You may want to bookmark this so you can reference it whenever you fancy the idea of trying a new blend:



When you're thinking about putting together your own rub blend(s), you can find what's on the list for the particular use you're intending, and dig through your spices and find what you have to work with, and if you feel inclined, purchase what you don't have.


My main spices are chopped onion, minced dried garlic, black pepeprcorn, kosher salt, sweet basil, parsley flakes, cumin, sage, oregano, thyme, red chili powder, crushed red pepper (cayenne) and ground cayenne pepper. Sometimes, I'll grind up some ancho chili (milder and different flavor profile than red chili), jalapeno, red bell pepper or green bell pepper for certain specialty recipes of mine, but the first listed items can make good specialty dry rubs for pork, beef and poultry, as well as a basic fish rub. We buy in bulk containers whenever possible, unless it's something we don't use much of or very often, but then, we do alot of cooking from scratch and are feeding 7+, depending on if we have guests. The 1lb or larger containers are typically double what you'd pay for a couple onces in a small container, so if you'll use alot of it, you may as well get enough to last. Garlic, peppercorn and kosher salt, especially.


Have fun smokin'!



post #5 of 9

I'm no guru compared to many.  I've been smoking for several years but am new around the forum.  You might think about adding a touch of fine ground coffee.  I've used a touch of Starbuck's to achieve a little more depth and another flavor level and interest in a rub.  I find a little goes along way, and it does seem to cut the sweetness as well.  Start with a teaspoon and see what you think.  -- Addison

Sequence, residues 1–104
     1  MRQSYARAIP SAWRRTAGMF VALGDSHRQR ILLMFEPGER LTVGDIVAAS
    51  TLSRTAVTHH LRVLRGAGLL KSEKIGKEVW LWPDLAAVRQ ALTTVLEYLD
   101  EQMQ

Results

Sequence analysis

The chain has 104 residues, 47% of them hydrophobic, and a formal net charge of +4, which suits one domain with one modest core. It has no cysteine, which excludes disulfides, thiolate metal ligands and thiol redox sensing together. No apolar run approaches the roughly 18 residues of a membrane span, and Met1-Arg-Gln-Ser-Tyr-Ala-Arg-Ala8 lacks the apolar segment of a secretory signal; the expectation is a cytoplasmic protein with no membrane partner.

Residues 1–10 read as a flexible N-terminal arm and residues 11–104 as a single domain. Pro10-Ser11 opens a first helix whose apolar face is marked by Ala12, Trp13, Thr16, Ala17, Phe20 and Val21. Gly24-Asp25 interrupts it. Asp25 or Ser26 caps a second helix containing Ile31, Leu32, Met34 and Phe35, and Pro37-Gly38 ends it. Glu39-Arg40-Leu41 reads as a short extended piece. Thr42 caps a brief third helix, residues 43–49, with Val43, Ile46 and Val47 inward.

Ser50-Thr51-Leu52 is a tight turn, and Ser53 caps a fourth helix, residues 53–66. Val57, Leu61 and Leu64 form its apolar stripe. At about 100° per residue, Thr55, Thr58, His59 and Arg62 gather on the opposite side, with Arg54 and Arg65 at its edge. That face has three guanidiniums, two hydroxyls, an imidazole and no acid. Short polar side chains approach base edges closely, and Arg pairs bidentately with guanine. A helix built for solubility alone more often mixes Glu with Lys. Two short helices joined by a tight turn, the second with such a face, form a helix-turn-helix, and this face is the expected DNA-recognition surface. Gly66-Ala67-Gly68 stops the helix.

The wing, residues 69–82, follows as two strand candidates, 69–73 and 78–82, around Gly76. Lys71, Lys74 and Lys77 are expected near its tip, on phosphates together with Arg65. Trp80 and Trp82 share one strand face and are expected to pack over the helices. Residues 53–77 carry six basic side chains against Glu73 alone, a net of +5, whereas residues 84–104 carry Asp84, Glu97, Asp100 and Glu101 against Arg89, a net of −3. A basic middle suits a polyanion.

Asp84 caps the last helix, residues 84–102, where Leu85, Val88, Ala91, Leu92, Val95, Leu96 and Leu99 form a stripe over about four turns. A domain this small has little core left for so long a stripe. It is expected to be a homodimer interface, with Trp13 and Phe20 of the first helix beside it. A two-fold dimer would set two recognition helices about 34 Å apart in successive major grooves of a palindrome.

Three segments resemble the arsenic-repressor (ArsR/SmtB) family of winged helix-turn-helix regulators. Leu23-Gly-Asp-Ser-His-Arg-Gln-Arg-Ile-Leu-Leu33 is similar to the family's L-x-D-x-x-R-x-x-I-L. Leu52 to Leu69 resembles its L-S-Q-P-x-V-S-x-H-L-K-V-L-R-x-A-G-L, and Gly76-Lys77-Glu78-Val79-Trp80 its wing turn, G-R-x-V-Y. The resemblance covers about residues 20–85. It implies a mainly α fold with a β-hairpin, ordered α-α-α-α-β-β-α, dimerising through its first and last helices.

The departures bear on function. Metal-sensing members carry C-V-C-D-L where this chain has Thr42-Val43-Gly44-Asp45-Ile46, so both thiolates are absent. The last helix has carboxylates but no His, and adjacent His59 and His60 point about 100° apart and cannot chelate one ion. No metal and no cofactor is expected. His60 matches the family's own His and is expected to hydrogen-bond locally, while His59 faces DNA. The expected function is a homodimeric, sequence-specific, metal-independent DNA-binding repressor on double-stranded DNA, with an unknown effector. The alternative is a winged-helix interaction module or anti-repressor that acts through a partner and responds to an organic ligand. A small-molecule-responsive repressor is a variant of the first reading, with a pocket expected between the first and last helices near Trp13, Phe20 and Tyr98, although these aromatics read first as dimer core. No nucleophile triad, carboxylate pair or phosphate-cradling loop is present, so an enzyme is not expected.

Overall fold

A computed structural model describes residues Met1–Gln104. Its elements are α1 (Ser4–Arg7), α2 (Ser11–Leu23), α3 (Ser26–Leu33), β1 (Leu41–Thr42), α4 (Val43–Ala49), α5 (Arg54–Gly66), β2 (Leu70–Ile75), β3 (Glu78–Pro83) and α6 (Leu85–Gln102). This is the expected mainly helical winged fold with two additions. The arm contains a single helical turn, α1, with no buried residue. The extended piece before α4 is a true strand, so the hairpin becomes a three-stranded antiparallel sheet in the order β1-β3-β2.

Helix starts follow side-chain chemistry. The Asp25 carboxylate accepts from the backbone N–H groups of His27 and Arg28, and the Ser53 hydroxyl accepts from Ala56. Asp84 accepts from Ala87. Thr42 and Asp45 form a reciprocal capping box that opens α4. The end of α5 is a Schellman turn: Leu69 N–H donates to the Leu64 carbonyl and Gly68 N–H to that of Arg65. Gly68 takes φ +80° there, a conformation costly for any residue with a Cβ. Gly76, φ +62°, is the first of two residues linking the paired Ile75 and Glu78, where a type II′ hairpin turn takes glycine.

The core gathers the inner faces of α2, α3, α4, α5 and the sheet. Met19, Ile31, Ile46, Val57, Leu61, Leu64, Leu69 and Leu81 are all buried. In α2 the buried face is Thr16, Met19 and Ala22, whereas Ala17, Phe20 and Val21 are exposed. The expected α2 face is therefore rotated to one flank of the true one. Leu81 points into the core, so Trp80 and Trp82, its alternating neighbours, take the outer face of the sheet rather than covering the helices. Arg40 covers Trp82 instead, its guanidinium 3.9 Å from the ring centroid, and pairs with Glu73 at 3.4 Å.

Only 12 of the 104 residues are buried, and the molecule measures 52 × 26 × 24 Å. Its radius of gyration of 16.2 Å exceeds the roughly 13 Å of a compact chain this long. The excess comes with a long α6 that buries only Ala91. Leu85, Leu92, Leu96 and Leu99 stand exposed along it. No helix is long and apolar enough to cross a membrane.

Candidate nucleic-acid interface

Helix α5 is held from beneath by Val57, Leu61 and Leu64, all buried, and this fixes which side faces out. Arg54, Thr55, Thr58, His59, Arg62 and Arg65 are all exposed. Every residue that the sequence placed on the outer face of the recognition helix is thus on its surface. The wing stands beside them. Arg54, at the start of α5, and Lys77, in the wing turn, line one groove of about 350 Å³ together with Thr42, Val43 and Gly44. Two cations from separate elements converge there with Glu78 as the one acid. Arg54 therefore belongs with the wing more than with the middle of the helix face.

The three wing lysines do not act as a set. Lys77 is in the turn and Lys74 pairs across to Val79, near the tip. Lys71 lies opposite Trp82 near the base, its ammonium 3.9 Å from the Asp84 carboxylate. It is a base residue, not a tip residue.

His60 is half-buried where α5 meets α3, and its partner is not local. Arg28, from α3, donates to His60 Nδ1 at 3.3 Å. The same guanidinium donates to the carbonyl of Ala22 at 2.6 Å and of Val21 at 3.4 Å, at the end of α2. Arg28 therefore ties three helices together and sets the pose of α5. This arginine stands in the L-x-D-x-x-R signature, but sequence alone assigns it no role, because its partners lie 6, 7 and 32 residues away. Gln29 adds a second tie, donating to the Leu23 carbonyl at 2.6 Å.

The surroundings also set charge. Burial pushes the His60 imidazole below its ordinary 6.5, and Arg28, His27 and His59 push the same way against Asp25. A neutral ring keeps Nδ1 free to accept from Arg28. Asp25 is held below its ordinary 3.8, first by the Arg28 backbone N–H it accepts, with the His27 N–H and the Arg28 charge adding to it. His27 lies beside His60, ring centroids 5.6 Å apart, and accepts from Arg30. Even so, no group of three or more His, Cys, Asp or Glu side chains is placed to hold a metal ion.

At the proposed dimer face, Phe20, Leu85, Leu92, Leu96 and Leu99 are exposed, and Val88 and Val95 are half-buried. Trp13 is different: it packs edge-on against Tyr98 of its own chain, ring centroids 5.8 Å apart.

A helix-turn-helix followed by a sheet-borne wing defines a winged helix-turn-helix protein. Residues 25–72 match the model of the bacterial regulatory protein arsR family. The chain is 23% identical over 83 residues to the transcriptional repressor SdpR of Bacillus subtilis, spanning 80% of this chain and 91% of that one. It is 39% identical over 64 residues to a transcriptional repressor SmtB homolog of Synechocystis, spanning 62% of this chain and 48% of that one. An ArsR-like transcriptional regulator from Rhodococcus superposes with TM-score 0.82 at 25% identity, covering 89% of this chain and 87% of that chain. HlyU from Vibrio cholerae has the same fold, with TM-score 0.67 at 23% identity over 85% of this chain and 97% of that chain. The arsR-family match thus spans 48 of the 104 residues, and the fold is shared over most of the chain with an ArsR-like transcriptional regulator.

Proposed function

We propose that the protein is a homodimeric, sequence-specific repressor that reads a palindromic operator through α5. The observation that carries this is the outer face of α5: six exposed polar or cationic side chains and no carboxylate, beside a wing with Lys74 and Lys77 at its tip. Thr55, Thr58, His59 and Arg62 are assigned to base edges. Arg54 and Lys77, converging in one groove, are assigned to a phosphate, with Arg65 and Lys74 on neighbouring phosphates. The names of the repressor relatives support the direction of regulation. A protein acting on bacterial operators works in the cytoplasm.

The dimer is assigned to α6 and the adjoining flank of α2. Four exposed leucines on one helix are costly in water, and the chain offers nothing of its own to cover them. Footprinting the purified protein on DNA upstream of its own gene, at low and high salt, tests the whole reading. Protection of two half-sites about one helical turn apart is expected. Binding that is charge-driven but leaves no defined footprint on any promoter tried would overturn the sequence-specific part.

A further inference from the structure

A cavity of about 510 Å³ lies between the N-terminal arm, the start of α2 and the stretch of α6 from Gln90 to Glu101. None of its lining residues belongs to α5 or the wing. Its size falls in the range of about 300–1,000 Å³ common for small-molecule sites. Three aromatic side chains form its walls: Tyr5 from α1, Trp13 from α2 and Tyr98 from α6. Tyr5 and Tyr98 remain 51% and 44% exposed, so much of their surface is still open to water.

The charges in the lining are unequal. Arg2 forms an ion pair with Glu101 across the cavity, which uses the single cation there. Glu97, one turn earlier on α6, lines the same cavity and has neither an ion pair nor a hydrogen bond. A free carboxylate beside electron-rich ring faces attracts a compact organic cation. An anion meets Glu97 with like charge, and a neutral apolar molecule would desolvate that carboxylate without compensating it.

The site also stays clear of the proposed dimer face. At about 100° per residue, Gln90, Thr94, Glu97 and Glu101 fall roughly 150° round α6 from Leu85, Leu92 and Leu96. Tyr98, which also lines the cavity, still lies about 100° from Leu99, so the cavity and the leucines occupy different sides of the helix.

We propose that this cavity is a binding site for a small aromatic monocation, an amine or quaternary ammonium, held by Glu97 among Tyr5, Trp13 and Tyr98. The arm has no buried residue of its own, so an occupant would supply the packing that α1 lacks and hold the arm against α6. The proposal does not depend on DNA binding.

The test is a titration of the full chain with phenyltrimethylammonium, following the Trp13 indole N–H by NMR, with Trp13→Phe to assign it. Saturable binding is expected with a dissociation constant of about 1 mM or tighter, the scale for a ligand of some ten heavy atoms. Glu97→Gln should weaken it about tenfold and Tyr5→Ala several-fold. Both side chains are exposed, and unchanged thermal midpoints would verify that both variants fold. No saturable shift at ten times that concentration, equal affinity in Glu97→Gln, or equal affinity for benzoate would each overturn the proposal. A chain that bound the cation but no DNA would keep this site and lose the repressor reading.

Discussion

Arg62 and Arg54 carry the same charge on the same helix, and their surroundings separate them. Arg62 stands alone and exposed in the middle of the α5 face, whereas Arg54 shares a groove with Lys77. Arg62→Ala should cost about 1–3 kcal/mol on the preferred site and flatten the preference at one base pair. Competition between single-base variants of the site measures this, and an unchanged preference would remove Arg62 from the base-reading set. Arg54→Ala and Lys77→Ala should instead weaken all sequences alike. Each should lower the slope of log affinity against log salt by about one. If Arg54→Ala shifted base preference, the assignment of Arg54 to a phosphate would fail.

post #6 of 9

   SC,you may have already tried this,but take some of your favorite Spices and play with them...(you can get a very close perception of how it will taste by smelling it; or you could actually taste it and decide if you like or not).

   I like well pronounced flavors in my Rub. Some Spices a lot of people overlook or don't think as a BBQ spice are:

Cloves(ground)  ,  Cinnamon(ground)  ,  Chinese 5 spice powder  ,   Mace  ,  Tumeric ,  Sugars   and others you may like. Be epxerimental,try different mixes and come up with something you and the Family enjoy on Beef,Pork and Fowl (you might want different taste on each type of meat).

   I tend to go simple,as on Beef(especially Brisky) I use only S/CBP.put her in at around 225*f and let her go till done.

   The choices are yours,yes there are a lot of good rubs out there, but `I like my mixes(that coming from a retired Chef).biggrin.gif

   Have fun and ...

post #7 of 9

take out the cayenne and sub it in with crushed red peppers or chili powder. leave the amount of sugar and add more salt or maybe add onion or garlic salt

post #8 of 9

Warm a bit of water in the microwave, dump a small amount of the spice in question in the warm water, and stir.  Basically make a tincture.  Give it a good deep smell and then a sip.  Write down your own impression of the flavor profile.  You can play this game a couple of times even closing your eyes and trying to guess the name of the spice. Once you get the basics try mixing two of them together and see if the flavors and smells compliment each other.  You just want to get basic flavors down, cooking, fat, flavors of the meat and other ingredients will change the flavor profile but this is a good way to start.

post #9 of 9

Your rub is almost 25% salt now so IMHO adding more salt and cutting out sugar simply make the flavor profile more salty, is that what you really want? If it were me I would up the garlic and onion to 2 tablespoons each and add 2 tablespoons of chili powder(salt free BTW). the amount of cayenne will not make this rub overly hot, 1 teaspoon =

< 4% of the total volume.